The City Beneath the Sky by Marc Yankus

Issue 109

When I was a boy growing up in New York City, my alcoholic stepfather would regularly tell me to “go out and play in traffic.” Needless to say, this didn’t make me feel welcome at home. I would wander the Manhattan streets instead and often walked to the Metropolitan Museum to lose myself in art.

On my way to the museum one day, I was horrified to see wrecking crews knocking down one of my favorite buildings, a beaux-arts apartment building on 79th Street. In the months that followed, a monstrosity of a tower rose in its place. And while that eyesore is still standing today, the lost building – gone now for 40 years – endures in my memory, a fading, elegiacal postcard of a lost time and place.

In my current artwork, I seek to document New York’s iconic, lost and forgotten architecture, from humble small buildings to soaring skyscrapers through a form of surreal architectural photography. Through a unique form of digital collage, I attempt to mute some of the visual noise that can distract viewers from their essential beauty, and in the process help them see their city anew.

This work presents a subtle, surrealistic alteration of the architectural landscape found in New York City, where imagination and documentation meet. Some building portraits are more detailed and others more abstract, but all serve to rebuild and honor the buildings while making a statement about altered perception, reality, and past preservation. 

In this series, select historical buildings are portrayed in altered cityscapes and invented spaces that evoke the experience of memory, imagination and dream states playing out in a magical place. Strangely familiar, the buildings are elevated in a fictional composition that appears to tell a story or reflect a past history, but their power resides more in the realm of sensation than explicit narrative.

While I can never hope to capture all of the city’s 1,053,000-odd buildings, I hope to bring dozens of the very finest to life – even if they are among the most forgotten, frayed or overlooked. Through this, more people just might see an alternate universe right in front of them, one that is very beautiful and otherworldly.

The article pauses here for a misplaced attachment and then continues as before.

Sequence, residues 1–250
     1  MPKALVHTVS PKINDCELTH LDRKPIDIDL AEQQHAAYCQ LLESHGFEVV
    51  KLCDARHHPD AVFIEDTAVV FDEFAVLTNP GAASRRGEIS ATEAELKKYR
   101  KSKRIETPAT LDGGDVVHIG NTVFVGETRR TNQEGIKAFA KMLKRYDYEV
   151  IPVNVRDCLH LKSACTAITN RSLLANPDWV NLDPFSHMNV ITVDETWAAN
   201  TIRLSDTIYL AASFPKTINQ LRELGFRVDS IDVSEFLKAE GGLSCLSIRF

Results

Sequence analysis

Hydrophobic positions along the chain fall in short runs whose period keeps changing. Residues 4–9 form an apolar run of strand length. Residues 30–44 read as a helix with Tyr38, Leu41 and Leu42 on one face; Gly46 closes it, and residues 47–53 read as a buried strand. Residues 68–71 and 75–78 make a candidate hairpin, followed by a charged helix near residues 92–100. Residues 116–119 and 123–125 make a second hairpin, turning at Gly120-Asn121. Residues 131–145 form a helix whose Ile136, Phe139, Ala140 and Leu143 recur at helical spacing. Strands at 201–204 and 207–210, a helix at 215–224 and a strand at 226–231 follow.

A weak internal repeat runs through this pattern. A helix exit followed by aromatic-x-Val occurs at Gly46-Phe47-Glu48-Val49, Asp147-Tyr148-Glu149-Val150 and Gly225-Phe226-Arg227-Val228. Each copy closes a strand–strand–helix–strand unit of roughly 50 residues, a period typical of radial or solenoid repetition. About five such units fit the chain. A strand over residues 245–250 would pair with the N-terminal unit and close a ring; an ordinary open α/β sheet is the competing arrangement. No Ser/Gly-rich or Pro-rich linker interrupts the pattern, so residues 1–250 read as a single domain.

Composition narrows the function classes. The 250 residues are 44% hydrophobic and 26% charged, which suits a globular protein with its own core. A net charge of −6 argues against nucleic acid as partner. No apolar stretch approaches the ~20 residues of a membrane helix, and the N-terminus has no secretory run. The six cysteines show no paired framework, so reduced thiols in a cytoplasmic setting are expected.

Marc Yankus lives and works in New York, New York.
To view more of Marc's work, please visit his website.

 Active Driveway, South Bronx

Active Driveway, South Bronx

 
 Badlands, West Village, Manhattan

Badlands, West Village, Manhattan

 
 Bank by Sheridan Square, West Village, Manhattan

Bank by Sheridan Square, West Village, Manhattan

 
 Bank on Eighth, West Village, Manhattan

Bank on Eighth, West Village, Manhattan

 
 Barber Shop, West Village, Manhattan

Barber Shop, West Village, Manhattan

 
 Bronx County Building, Grand Concourse, Bronx

Bronx County Building, Grand Concourse, Bronx

 
 Call in Brush, South Bronx

Call in Brush, South Bronx

 
 Fence in Greenpoint, Greenpoint, Brooklyn

Fence in Greenpoint, Greenpoint, Brooklyn

 
 Flatiron Building, Flatiron District, Manhattan

Flatiron Building, Flatiron District, Manhattan

 
 Four Buildings, West Village, Manhattan

Four Buildings, West Village, Manhattan

 
 Four Gems on East 38th Street, Murray Hill, Manhattan

Four Gems on East 38th Street, Murray Hill, Manhattan

 
 Green House in Brooklyn, Ditmas Park, Brooklyn

Green House in Brooklyn, Ditmas Park, Brooklyn

 
 Green House with Red Stairs, Red Hook, Brooklyn

Green House with Red Stairs, Red Hook, Brooklyn

 
 Green House with White Fence, Broad Channel, Queens

Green House with White Fence, Broad Channel, Queens

 
 House by Itself, Broad Channel, Queens

House by Itself, Broad Channel, Queens

 
 House on Clay Avenue, South Bronx

House on Clay Avenue, South Bronx

 
 One Short, One Tall, Brooklyn Heights, Brooklyn

One Short, One Tall, Brooklyn Heights, Brooklyn

 
 The Ansonia, Upper West Side, Manhattan

The Ansonia, Upper West Side, Manhattan

 
 The Morgan House, Murray Hill, Manhattan

The Morgan House, Murray Hill, Manhattan

 
 White House with Shrubbery, Forest Hill Gardens, Queens

White House with Shrubbery, Forest Hill Gardens, Queens